After many years of recovery, years of working the steps, and doing service I had the experience of coming “Out of the Woods.”
It actually felt like that. Other people have described this as feeling like the wild swings of the recovery pendulum are slowing to graceful arcs. Whatever the metaphor, we know that recovery changes over time. It changes in the first two years, then more in the next three years and then a very significant change happens after ten years.
Most of us in “double-digit” recovery know is that a program of recovery are part of a good life but that even these do not protect us from illness, job troubles, problems with kids and family, all manner of loss. Real life happens to people in recovery. In fact life can hit harder simply because we are older. But it’s also true that not using painkillers—the chemical or the human kind—does leave us a bit more raw so we have to use recovery tools even more diligently in later years.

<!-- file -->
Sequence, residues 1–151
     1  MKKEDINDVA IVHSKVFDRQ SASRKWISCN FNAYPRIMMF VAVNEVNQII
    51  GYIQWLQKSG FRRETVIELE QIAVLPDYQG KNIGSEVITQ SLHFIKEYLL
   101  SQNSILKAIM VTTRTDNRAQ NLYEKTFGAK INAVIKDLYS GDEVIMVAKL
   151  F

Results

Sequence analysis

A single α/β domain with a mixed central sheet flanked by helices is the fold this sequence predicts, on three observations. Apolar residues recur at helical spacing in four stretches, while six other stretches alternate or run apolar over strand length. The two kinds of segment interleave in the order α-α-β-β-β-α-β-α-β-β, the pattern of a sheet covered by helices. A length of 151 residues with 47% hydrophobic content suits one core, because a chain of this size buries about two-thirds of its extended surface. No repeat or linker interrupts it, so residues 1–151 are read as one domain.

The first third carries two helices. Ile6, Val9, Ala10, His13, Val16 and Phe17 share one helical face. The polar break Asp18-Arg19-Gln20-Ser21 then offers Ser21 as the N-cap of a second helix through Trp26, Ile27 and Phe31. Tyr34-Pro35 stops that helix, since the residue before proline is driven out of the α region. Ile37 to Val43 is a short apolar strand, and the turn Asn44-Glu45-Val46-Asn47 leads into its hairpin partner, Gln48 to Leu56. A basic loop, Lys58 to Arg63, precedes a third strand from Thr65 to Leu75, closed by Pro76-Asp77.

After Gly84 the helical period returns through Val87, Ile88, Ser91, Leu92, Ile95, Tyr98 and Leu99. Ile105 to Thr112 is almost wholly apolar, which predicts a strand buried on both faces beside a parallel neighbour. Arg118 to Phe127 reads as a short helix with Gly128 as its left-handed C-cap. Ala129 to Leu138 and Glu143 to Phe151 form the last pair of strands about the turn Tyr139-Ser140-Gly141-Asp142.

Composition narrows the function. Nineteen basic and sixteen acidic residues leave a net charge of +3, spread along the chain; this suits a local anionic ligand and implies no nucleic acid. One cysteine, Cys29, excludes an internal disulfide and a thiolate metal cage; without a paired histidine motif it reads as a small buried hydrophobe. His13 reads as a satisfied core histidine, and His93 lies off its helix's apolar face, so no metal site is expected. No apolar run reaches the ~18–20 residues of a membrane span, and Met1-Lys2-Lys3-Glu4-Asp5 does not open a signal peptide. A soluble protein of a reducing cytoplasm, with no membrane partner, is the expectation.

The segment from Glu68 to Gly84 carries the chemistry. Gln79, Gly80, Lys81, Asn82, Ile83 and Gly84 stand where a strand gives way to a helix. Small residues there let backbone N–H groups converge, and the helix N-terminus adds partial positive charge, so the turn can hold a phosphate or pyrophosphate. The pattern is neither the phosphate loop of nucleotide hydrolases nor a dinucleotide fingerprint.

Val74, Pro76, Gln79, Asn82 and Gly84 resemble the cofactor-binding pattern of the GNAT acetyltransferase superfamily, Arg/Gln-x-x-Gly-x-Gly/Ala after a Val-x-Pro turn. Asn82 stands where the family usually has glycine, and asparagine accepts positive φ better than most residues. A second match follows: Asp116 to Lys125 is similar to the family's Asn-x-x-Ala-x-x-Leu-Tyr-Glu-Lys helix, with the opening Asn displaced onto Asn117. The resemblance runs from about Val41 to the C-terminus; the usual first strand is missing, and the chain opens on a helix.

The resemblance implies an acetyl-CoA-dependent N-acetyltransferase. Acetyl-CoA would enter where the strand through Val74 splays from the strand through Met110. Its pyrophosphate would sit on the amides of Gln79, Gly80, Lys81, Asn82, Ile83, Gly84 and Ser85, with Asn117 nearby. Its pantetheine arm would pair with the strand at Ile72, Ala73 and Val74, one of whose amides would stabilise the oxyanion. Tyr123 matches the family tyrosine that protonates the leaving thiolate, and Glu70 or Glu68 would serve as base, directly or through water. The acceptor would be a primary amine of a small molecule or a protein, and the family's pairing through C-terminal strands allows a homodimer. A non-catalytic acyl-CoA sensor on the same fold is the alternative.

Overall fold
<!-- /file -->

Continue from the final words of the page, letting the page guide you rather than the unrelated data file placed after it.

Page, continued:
A changed life brings changed issues. But the good news is that we are able to see the things that happen to us with just a tiny bit more perspective.
What people in long recovery do have is a set of skills and a rich pool of experience to fall back on. We recognize our patterns; we cut through our defenses sooner; and we learn not to fight the inevitable.
Long recovery gives us a good toolkit and we keep on building. Artice Link “the fix”…